Considering the past wrongs Labour needs to right, its new policy doesn’t show enough balls (see a critical analysis of this published a few months ago). Labour have announced three years of free tertiary education… but not until 2025… and only for students who have had ‘no previous tertiary education’. Hard luck if you’ve already paid for all or part of your first three years. Admirably though, there is no age limit. Whether they will extend student allowances past undergraduate level isn’t mentioned in their fact sheet, which suggests no change there. To offer the first three-to-four years for free then cut everything off completely, would still mean only rich people can become doctors and lawyers (or people reckless enough to get themselves into six digits of debt), further enhancing the economic gap and fostering a class system that New Zealand used to pride itself on not having.

 

Another foreseeable problem is that, if a Labour government were to stagger the introduction of free fees (currently projected over six years from 2019-2025), there would be a massive drop in enrolments leading up to it, with people postponing their studies for a year or two until it’s free. Meanwhile the universities lose a lot of money. There’s no reason not to implement it quite quickly – no new infrastructure is required – in fact it would be more cost effective to do this. If Labour are serious about fixing education, they need to break some eggs, stop trying to please everyone, and go back to the progressive tax rates we had before the Rogernomes made us the unfortunate guinea pig of the global neoliberal agenda.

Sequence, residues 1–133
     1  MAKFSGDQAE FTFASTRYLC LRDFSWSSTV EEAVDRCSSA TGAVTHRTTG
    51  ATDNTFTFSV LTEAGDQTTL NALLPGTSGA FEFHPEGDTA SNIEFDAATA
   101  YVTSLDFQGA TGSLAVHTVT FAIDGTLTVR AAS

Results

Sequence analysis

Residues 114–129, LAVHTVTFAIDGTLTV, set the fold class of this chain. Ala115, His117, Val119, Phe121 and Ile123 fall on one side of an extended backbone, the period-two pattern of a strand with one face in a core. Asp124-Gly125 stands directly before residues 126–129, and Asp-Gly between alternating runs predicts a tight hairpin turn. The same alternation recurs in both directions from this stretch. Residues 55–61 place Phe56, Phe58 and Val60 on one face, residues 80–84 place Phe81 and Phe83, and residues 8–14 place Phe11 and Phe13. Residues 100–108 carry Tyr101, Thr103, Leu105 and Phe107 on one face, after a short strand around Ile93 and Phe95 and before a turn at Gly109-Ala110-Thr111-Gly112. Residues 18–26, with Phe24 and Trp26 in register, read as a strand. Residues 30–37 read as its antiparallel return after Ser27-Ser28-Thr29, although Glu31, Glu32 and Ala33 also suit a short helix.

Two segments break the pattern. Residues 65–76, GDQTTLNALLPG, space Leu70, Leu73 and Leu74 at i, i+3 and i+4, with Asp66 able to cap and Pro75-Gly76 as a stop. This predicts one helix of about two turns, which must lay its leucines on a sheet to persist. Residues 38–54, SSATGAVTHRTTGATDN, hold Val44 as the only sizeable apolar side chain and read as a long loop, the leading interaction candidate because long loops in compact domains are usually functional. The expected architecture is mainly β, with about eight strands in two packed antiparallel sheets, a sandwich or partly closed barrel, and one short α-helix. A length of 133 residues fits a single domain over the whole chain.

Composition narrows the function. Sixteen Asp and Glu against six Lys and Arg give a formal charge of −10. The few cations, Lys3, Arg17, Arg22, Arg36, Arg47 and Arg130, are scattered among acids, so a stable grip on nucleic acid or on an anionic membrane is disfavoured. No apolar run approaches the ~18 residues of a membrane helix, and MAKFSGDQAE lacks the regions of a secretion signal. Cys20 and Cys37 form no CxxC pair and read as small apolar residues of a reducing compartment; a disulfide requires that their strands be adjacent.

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About the author

Sian Robertson

Contributor

Siân Robertson is a student of linguistics and languages at Auckland University and an organiser for the NZ Palestine Solidarity Network. An activist globally and locally, she has been actively involved in the Mana Movement. She was deputy editor of the carbuyers' Dog & Lemon Guide for several years. She is also an enthusiastic amateur footballer and a mother.

14 Comments

  1. WILD KATIPO says:

    Yes,… when that naughty Roger Rodgered the system we all got wet with the trickle down effect.

    Now I’m not taking the piss , – but you are totally correct in saying that Roger did take the piss. Unfortunately it was all over the likes of you and me.

    And so did all his mates in Act, National and Labour. And they are STILL pissing. In fact , I reckon these neo liberals have so much piss they must have a really , really bad bladder infection.

    Or maybe a combined bladder/ gut problem because they certainly are a shall we say ,… ‘ windy ‘ bunch as well. Irritable bowel problem some might say.

    Yes, I agree… what these sick people need is a good healthy dose of Social Democracy and a Keynesian based economic system. That’d stop all the pissing and the farting, – and save on catheter bags. Surely saving in that area of govt health expenditure would be something they would all readily agree on – and particularly regards to their , er … rather ‘ unique problem ‘s ‘…

  2. Wensleydale says:

    First of all, if you’re not pumping bucket-loads of cash into our “Rock Star” economy (like international students), you’re virtually a non-entity.